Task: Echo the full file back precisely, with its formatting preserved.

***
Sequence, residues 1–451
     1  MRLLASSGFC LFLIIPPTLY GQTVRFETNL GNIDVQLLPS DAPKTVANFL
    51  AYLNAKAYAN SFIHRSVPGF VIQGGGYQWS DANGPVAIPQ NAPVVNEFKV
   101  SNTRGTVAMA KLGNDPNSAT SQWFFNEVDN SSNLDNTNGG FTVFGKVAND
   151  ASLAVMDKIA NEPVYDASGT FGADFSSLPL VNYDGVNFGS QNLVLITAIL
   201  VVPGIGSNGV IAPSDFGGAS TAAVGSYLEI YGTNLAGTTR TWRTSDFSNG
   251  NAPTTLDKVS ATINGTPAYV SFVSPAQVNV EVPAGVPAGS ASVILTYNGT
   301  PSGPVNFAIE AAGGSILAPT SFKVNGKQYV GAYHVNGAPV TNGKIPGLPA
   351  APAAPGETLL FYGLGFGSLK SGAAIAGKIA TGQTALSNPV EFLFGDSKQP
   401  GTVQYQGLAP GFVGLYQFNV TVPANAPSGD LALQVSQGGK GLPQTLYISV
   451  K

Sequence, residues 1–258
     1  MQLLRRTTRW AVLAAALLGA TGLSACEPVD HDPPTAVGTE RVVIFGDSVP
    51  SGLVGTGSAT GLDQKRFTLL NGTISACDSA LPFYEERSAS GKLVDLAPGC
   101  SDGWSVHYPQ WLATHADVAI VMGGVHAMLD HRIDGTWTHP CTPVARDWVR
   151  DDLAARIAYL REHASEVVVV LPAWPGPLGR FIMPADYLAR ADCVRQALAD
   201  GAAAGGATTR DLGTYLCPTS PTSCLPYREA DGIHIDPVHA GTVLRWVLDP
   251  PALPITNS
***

Sequence, residues 1–451
     1  MRLLASSGFC LFLIIPPTLY GQTVRFETNL GNIDVQLLPS DAPKTVANFL
    51  AYLNAKAYAN SFIHRSVPGF VIQGGGYQWS DANGPVAIPQ NAPVVNEFKV
   101  SNTRGTVAMA KLGNDPNSAT SQWFFNEVDN SSNLDNTNGG FTVFGKVAND
   151  ASLAVMDKIA NEPVYDASGT FGADFSSLPL VNYDGVNFGS QNLVLITAIL
   201  VVPGIGSNGV IAPSDFGGAS TAAVGSYLEI YGTNLAGTTR TWRTSDFSNG
   251  NAPTTLDKVS ATINGTPAYV SFVSPAQVNV EVPAGVPAGS ASVILTYNGT
   301  PSGPVNFAIE AAGGSILAPT SFKVNGKQYV GAYHVNGAPV TNGKIPGLPA
   351  APAAPGETLL FYGLGFGSLK SGAAIAGKIA TGQTALSNPV EFLFGDSKQP
   401  GTVQYQGLAP GFVGLYQFNV TVPANAPSGD LALQVSQGGK GLPQTLYISV
   451  K

Sequence, residues 1–258
     1  MQLLRRTTRW AVLAAALLGA TGLSACEPVD HDPPTAVGTE RVVIFGDSVP
    51  SGLVGTGSAT GLDQKRFTLL NGTISACDSA LPFYEERSAS GKLVDLAPGC
   101  SDGWSVHYPQ WLATHADVAI VMGGVHAMLD HRIDGTWTHP CTPVARDWVR
   151  DDLAARIAYL REHASEVVVV LPAWPGPLGR FIMPADYLAR ADCVRQALAD
   201  GAAAGGATTR DLGTYLCPTS PTSCLPYREA DGIHIDPVHA GTVLRWVLDP
   251  PALPITNS